It's like I'm a cannon made out of glass. Like a... y'know, like a dainty figurine so ornately decorated you can't imagine how something so fragile manages to exist in this brutal, ugly world... And it makes you weep.
—Black Mage, 8-Bit Theater
In short: He can dish it out, but he can't take it. Similar to (but distinct from) the Fragile Speedster, the Glass Cannon is characterized by insane attack power coupled with pathetic defensive ability.
Prevalent in RPGs and Fighting Games, as the cast needs to be big enough that "takes hits like a chump" becomes a viable character trait. In RPGs, the Glass Cannon tends to be a Squishy Wizard. Artillery units in Real Time Strategy and Turn-Based Strategy games also tend to have this trait, as they're meant to be far away from combat, or at least in the back of the formation.
Make the Glass Cannon incapable of taking any punishment at all and you've got a One-Hit-Point Wonder. Glass Cannons often overlap with the Fragile Speedster; characters of that type, who put out high damage and dodge most incoming attacks, but go down quickly if they do get hit, are sometimes called "Glass Ninja." Another type of very common Glass Cannon would be an offensively oriented nuker, such as the Squishy Wizard, who is basically like a living artillery piece. Character-wise, The Berserker might also become a Glass Cannon, even if he's not inherently frail, but just doesn't bother whatsoever about defending himself tactically.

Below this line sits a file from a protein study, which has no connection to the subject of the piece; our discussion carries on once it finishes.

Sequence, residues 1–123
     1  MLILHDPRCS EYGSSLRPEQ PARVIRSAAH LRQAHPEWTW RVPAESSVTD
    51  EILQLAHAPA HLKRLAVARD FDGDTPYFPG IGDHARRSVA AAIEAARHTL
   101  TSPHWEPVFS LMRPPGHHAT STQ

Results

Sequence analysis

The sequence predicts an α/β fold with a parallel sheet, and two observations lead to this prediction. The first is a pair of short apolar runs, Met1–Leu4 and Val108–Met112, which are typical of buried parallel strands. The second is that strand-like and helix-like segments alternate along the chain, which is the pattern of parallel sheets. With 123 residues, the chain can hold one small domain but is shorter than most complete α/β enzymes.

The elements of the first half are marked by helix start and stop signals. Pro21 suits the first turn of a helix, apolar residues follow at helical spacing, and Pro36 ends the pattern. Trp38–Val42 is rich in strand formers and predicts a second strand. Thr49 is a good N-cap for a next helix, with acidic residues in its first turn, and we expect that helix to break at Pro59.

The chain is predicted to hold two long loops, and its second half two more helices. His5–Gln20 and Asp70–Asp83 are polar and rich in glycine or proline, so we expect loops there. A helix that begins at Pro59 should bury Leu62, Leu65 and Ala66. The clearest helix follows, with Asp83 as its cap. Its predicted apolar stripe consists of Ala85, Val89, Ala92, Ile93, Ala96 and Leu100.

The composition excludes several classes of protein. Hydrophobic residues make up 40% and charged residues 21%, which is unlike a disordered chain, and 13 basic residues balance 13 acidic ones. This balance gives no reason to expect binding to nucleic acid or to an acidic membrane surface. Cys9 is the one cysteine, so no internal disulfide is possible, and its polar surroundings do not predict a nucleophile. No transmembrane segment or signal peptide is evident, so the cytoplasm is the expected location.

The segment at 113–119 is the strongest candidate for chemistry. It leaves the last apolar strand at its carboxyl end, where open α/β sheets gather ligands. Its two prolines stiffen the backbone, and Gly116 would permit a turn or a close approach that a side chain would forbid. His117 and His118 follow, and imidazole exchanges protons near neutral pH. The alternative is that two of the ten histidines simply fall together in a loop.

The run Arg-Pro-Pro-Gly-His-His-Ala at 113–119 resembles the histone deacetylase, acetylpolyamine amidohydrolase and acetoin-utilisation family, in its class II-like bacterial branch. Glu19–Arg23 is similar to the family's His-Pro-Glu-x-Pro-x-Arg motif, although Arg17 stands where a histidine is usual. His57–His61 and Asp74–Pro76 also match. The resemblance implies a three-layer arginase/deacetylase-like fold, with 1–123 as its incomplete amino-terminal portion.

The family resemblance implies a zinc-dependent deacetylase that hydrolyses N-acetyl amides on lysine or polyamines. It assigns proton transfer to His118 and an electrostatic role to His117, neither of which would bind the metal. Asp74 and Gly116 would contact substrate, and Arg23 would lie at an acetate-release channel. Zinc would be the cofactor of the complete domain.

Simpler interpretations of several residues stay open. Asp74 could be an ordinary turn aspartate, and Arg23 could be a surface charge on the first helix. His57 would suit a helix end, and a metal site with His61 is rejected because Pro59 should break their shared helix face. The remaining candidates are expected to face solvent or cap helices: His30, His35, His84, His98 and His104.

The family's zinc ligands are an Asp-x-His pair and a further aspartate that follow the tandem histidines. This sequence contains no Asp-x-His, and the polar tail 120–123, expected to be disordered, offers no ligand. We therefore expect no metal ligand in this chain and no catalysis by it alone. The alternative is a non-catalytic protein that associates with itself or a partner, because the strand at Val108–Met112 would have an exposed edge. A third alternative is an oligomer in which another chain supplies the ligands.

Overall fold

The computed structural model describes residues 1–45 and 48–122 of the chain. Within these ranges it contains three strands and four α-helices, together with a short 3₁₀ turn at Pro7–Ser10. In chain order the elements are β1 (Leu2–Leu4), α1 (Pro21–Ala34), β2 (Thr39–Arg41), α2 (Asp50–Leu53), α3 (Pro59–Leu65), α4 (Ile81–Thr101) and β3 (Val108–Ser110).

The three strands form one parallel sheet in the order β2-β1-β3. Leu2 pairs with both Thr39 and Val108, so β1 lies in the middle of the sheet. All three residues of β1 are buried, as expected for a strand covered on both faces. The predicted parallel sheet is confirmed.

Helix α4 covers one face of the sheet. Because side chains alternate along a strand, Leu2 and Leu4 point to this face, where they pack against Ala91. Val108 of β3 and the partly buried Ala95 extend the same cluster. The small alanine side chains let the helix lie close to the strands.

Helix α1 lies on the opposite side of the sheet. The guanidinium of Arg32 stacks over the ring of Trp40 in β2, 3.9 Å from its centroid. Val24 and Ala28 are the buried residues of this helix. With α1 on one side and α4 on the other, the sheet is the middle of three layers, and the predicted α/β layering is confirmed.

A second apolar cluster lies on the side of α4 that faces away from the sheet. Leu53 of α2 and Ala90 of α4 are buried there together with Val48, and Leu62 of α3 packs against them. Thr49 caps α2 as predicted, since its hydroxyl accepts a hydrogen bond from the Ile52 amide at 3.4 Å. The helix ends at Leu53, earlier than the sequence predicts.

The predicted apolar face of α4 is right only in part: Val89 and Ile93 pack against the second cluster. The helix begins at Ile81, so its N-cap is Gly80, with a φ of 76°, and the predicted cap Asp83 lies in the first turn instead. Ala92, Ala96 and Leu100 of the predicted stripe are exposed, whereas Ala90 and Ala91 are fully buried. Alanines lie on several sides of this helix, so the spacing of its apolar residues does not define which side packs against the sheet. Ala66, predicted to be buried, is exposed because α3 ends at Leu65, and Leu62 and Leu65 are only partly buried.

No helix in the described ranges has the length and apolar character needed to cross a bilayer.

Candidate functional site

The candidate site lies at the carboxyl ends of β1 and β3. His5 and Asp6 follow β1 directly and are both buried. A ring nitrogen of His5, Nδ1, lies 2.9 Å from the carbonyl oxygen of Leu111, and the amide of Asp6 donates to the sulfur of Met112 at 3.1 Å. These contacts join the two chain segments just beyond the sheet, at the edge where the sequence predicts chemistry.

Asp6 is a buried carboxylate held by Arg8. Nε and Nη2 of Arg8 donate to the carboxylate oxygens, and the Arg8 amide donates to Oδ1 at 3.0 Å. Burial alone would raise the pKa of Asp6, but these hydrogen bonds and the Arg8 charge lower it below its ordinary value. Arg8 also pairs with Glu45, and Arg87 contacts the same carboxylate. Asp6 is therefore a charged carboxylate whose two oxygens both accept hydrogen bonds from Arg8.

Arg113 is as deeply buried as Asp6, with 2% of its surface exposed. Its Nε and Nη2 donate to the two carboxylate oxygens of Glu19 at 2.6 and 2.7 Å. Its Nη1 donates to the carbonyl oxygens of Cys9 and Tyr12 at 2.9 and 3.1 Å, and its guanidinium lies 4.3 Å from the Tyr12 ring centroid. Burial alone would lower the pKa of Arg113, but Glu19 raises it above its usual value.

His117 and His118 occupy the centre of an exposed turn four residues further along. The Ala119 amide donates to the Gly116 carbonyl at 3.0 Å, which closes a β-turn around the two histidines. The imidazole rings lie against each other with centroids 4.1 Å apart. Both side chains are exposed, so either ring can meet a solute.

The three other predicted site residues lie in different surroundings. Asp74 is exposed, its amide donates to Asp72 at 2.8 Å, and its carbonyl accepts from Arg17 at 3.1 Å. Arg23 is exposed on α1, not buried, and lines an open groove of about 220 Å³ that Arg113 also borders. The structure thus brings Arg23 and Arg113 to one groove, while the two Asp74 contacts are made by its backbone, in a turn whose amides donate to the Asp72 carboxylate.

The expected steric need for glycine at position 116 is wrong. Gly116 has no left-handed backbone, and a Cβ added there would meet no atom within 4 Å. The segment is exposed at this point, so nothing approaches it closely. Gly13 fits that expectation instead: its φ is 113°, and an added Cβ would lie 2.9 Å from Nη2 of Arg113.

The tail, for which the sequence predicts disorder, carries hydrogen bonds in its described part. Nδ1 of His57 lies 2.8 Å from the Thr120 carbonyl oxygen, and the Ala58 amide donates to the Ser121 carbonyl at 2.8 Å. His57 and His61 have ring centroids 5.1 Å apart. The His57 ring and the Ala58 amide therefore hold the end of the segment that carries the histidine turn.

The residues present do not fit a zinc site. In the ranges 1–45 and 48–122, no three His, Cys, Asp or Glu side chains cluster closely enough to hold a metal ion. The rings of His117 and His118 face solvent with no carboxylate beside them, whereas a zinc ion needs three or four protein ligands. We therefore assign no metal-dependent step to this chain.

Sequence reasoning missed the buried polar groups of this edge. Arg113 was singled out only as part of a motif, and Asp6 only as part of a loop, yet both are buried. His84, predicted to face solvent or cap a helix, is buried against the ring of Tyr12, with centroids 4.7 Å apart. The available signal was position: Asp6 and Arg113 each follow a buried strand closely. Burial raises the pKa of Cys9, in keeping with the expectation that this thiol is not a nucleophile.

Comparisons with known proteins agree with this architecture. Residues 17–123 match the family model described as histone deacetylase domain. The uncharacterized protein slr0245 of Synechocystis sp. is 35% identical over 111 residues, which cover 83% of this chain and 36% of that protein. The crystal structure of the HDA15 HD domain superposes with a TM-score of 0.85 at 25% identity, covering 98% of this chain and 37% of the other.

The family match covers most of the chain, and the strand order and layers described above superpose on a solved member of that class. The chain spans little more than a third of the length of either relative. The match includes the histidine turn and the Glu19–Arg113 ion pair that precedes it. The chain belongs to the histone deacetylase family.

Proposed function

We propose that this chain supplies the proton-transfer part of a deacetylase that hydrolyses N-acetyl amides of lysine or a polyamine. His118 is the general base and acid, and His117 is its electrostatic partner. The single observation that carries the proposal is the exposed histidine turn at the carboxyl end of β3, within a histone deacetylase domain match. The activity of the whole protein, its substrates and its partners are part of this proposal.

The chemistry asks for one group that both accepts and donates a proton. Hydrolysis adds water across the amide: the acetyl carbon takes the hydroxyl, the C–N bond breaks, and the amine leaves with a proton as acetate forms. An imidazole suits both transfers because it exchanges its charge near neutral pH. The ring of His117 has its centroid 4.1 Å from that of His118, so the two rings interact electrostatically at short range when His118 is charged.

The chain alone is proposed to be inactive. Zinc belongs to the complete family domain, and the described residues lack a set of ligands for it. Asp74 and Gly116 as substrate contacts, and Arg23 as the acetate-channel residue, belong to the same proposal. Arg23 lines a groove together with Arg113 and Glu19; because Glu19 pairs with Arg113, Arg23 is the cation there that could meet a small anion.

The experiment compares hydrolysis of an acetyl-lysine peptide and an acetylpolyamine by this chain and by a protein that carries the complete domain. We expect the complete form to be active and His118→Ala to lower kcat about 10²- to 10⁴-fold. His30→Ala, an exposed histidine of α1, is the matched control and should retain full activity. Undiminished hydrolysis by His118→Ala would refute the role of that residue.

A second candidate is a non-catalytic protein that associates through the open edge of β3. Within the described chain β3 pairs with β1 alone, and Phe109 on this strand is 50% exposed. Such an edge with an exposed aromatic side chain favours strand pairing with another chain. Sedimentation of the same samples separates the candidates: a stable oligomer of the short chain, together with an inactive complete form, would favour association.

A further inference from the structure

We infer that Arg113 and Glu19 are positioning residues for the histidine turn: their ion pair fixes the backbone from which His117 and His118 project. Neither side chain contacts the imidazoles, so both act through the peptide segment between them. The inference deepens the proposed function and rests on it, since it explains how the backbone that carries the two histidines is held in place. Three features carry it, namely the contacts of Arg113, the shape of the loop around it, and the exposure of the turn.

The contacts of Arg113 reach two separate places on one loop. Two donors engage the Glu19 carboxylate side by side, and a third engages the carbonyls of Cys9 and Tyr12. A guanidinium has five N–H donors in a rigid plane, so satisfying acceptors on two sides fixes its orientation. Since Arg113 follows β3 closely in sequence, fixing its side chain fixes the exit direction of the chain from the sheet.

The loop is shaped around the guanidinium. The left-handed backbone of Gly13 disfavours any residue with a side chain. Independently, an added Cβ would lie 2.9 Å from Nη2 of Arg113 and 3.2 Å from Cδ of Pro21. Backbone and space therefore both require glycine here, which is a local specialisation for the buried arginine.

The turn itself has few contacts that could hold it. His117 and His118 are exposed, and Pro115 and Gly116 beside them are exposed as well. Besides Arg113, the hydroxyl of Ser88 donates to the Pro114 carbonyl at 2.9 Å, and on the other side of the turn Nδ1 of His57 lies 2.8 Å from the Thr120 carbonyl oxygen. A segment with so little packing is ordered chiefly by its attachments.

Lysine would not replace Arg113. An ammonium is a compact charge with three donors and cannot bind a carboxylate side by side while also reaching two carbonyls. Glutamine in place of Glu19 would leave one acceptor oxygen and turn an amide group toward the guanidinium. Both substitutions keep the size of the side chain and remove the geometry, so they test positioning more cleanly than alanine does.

Contrast Stone Wall who takes it but can't dish it out, as well as Mighty Glacier, who can dish out and still take it like a man but at the expense of speed, and finally Lightning Bruiser, who can do the same without sacrificing anything. See also: Competitive Balance and PVP-Balanced.
When adding an example, think, "If this character were to go against him/her/itself, how long would the fight last?". Not very long - offensive power has to outstrip defensive ability. If the character is just fragile, but not that powerful offensively, or vice versa, it's not this trope.
Also, hit-points vs resources spent is not factored into this trope; if the combatant deals fearsome damage, and still has a decent amount of Hit Points, but is costly to balance it out, then this is more a Mighty Glacier than a Glass Cannon. The character must have relatively sub par health AND fearsome destructive capability, excluding cost factor.
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